(And in the June issue, I’ll be taking it all back…)


Posted in Family, Personal life

May Day

Procession of children in traditional May Day ceremony at English primary school
Me, centre, being a May Maiden, with Days Lane infant school in the background

For me, the concept of May Day will be forever associated with an annual ritual that took place at my infant school in Sidcup, a Kentish suburb of London. 

Each May Day, or the closest school day to it, the girls from the oldest class became “May Maidens”.  We had to dress in white frocks and the prettiest girl (how un-PC is that?!) was crowned May Queen.   A determined band of mothers raided everyone’s gardens for roses and greenery to make into wreaths for the Maidens’ hair.  They also wove two long floral ropes for the Maidens to carry.

The May Day Procession

For the May Day ceremony, the whole school turned out onto the field.  ‘The Elizabethan Serenade’ played over the tannoy, while two lines of May Maidens, each carefully carrying one of the ropes, processed slowly to the far end of the field.  Then they stood still while the May Queen and two attendants proceeded down the length of this floral aisle.  Once the May Queen had taken her place on her throne, the Maidens sat down on the grass and the Headmistress addressed the gathered crowd of parents and children.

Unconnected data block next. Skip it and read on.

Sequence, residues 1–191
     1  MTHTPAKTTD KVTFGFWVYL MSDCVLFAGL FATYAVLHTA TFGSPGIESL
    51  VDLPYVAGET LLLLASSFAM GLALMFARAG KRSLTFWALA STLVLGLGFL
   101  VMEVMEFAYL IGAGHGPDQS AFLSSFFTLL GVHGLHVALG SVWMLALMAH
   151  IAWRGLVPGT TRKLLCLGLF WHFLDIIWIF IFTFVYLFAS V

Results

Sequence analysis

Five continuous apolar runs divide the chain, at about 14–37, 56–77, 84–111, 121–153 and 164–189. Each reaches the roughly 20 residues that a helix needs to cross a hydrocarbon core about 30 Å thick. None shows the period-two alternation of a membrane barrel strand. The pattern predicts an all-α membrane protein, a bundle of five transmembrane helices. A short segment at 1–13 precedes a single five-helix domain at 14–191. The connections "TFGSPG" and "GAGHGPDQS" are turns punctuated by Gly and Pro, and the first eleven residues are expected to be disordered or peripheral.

I don’t remember what the boys had to do, but they must have found the whole thing pretty dull.  Not so the mothers, who ooh’d and aah’d as we walked by, snapping away with big, boxy cameras.

Those were gentler days, I think to myself, wishing that my own small daughter had the chance to take part in such an idyllic ritual.  But then I realise with a start that the backdrop to this quaint ceremony was far from idyllic.  For behind where the May Maidens sat, all along the edge of the school  field, was a long row of air-raid shelters.  Though the war was over long before we May Maidens were born , most of the adults watching our procession would have been all too familiar with the inside of an air-raid shelter.

A Sheltered Life?

Me, centre, aged 6, as a May Maiden on the school field
Funn how it seems it was always summer when I was a child…

These days it is hard to imagine that Health and Safety inspectors would allow any school to have such dark, dingy, unlit sheds on the school field.  Risk assessment for air raid shelters?  There’s an interesting thought.  In those days, of course, children were allowed to enjoy a little danger, but I’m sure that’s not the only reason the shelters were retained.  I suspect there was an inkling that we might needed to use them again.  This was, after all, the 1960s.  The Cold War was in full swing.  Even as recently as 1980, the government was issuing its infamous “Protect and Survive” leaflets, telling us how to guard against a nuclear attack.  (Unbelievably, top tips were to sit under the kitchen table or to take a door off its hinges if a table wasn’t to hand.)

We live in more peaceful times.  My daughter may not get to be a May Maiden, but at least I don’t have to worry about a bomb falling on her school.   All the same, she’d look awfully pretty with roses in her hair.

(This post originally appeared in the Tetbury Advertiser, May 2010)